Conversely, overwatering can lead to a drop in performance from reduced electrolyte concentration (filling batteries to too high a level).
If like us, you go away for a year, you may come back and find you need to replace your batteries, as we did. Personally, I wouldn’t get these again. Don’t like the severe consequences of lack of maintenance.
- AGM, Absorbent Glass Mat
Slightly more expensive, these batteries trap the electrolyte and hence do not need to be topped up. Some hydrogen does still escape, so ventilation is still required. Typically they are a little more robust, and should last longer than flooded batteries. If I were selecting lead acid batteries (Victoria), this would be my pick.
These batteries trap the electrolyte in a gel, and perform well in high temperatures, but not so well in low temperatures – much better suited to Queensland than Tasmania. They vent less hydrogen, so are safer. These batteries need careful charging.
Useable Capacity – Depth of Discharge
Despite the stated capacity of a lead acid battery, the amount you can take out of a lead battery is severely limited if you want to get a reasonable life out of them.
As a rule of thumb, routine use should only be about 20-30% of capacity, with an occasional draw to maybe 50%. From boondoctor, the following chart shows the laboratory lifecycles achievable in ideal conditions. So for 20% DOD, you get around 3000 cycles or around 8 years, assuming you draw down this much once every day, or 5 years at 30% DoD.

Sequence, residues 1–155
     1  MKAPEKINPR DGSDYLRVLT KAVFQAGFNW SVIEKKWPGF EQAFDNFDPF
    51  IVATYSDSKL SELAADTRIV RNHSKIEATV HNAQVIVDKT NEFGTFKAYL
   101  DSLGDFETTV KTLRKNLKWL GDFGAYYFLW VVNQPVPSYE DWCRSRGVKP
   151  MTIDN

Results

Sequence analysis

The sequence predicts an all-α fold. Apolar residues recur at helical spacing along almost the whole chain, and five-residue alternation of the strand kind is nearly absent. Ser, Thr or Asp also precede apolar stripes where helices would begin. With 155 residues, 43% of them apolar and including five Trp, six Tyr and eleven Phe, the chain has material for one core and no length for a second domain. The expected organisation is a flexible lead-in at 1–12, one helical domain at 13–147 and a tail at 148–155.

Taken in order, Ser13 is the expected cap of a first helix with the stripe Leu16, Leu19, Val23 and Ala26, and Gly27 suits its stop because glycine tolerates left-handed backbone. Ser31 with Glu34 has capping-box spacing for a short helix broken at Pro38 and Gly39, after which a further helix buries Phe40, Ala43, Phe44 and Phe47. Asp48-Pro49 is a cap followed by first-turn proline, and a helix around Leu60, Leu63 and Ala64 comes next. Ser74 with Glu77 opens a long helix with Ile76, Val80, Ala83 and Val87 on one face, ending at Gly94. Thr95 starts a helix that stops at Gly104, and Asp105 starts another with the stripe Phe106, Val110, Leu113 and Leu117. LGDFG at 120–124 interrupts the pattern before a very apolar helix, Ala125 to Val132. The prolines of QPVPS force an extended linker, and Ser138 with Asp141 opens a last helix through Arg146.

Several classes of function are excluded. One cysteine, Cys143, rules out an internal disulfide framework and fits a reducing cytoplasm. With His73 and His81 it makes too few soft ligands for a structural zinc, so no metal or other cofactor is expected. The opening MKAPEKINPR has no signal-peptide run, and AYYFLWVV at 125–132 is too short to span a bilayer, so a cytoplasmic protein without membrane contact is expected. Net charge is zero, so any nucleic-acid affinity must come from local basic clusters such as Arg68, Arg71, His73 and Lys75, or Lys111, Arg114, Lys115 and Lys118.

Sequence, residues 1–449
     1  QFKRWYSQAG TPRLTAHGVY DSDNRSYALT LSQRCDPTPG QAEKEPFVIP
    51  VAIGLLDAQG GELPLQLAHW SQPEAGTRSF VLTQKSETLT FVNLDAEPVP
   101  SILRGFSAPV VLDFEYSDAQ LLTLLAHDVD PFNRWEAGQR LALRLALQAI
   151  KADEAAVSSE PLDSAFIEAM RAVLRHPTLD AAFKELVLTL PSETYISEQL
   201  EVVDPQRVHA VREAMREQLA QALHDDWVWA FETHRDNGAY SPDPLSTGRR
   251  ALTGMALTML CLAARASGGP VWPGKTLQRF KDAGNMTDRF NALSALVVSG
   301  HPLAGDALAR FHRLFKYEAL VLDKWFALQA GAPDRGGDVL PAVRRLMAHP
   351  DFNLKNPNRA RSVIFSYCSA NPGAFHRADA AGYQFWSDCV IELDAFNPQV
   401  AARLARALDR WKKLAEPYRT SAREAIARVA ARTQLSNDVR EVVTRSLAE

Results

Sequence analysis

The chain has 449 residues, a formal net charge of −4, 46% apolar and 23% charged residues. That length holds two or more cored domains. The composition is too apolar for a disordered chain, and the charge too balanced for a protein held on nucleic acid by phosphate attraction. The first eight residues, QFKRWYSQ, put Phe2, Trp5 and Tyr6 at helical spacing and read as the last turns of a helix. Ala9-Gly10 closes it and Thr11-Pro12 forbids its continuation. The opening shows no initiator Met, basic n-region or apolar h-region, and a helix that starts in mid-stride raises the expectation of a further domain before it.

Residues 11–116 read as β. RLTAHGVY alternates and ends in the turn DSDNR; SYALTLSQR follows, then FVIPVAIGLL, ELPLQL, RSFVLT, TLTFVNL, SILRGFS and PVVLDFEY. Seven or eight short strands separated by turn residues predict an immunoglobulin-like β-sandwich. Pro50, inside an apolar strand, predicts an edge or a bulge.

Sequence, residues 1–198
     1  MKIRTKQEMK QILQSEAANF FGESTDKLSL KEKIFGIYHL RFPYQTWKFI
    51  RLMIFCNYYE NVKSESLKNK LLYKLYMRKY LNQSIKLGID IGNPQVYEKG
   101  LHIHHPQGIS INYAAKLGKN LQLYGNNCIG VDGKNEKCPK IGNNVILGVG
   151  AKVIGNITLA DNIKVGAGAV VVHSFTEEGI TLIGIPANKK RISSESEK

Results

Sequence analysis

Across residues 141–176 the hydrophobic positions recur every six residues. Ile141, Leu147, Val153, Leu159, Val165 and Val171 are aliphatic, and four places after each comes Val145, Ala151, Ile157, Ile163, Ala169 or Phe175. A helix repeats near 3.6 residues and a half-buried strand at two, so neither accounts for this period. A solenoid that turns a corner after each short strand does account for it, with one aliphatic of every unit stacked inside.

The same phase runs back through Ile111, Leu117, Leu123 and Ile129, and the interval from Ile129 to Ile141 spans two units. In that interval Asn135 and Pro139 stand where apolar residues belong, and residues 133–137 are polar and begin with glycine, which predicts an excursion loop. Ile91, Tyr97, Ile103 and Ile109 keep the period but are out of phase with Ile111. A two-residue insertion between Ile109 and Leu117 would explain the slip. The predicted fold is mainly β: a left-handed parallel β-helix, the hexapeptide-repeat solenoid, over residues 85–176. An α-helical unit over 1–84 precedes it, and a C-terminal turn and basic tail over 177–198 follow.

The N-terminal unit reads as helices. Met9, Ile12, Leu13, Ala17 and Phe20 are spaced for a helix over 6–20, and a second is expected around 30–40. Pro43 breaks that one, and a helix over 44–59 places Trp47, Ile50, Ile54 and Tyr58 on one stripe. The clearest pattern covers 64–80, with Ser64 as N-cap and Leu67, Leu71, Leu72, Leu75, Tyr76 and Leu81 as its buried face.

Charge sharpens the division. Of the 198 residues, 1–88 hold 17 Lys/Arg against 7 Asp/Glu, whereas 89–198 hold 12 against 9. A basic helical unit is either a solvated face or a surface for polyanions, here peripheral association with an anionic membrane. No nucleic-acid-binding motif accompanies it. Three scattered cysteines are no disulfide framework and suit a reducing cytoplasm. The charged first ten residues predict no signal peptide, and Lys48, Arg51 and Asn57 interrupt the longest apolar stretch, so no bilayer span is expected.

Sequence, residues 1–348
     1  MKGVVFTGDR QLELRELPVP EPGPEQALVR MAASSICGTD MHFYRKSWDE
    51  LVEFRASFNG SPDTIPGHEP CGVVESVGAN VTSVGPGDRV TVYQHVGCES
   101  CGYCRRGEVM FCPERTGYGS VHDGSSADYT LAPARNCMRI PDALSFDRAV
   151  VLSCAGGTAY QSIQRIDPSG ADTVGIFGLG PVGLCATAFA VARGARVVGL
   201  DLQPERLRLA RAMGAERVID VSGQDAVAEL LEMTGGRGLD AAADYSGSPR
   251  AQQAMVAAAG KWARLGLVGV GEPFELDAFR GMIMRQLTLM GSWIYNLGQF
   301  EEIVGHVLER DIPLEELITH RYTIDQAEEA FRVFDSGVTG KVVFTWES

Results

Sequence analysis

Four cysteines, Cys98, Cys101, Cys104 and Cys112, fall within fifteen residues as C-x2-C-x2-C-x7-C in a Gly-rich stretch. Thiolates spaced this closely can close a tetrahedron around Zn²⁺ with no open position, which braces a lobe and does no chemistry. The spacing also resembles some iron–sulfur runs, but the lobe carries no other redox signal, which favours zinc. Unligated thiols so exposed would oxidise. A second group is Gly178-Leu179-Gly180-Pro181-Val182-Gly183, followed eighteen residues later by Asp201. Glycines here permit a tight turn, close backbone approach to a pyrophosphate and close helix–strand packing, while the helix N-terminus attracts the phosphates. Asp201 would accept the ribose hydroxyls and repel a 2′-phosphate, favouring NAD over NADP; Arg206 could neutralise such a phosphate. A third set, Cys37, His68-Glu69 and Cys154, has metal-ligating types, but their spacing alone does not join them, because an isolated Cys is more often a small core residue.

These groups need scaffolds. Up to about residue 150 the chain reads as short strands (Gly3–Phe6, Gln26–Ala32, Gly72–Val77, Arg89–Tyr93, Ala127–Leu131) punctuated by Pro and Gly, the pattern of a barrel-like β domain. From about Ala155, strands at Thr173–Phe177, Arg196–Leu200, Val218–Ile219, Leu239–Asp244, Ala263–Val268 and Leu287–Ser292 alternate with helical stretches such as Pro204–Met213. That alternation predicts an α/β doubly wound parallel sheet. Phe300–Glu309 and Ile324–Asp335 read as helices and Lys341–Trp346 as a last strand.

Given that your batteries should be sized for 20 to 30% use in winter, when they will be required supply more power to your house for longer (when the sun isn’t shining), then depth of discharge should be much lower for most of the year (if you’re in the southern states of Australia). Unless, of course, you increase load in summer to provide air conditioning, evaporative cooling etc. This reduced depth of discharge would extend the battery life relative to the chart above.
On the other hand, this is ideal performance. Temperature effects, discharge rates and maintenance will all tend to reduce the number of times you can cycle the battery before they need replacing.
Predicting the life on a lead acid battery is extremely difficult – there are so many variables that impact longevity, although many of them are in your control.
The quality of the battery will also have a major impact – try to get a chart like this specifically for any batteries you are considering buying.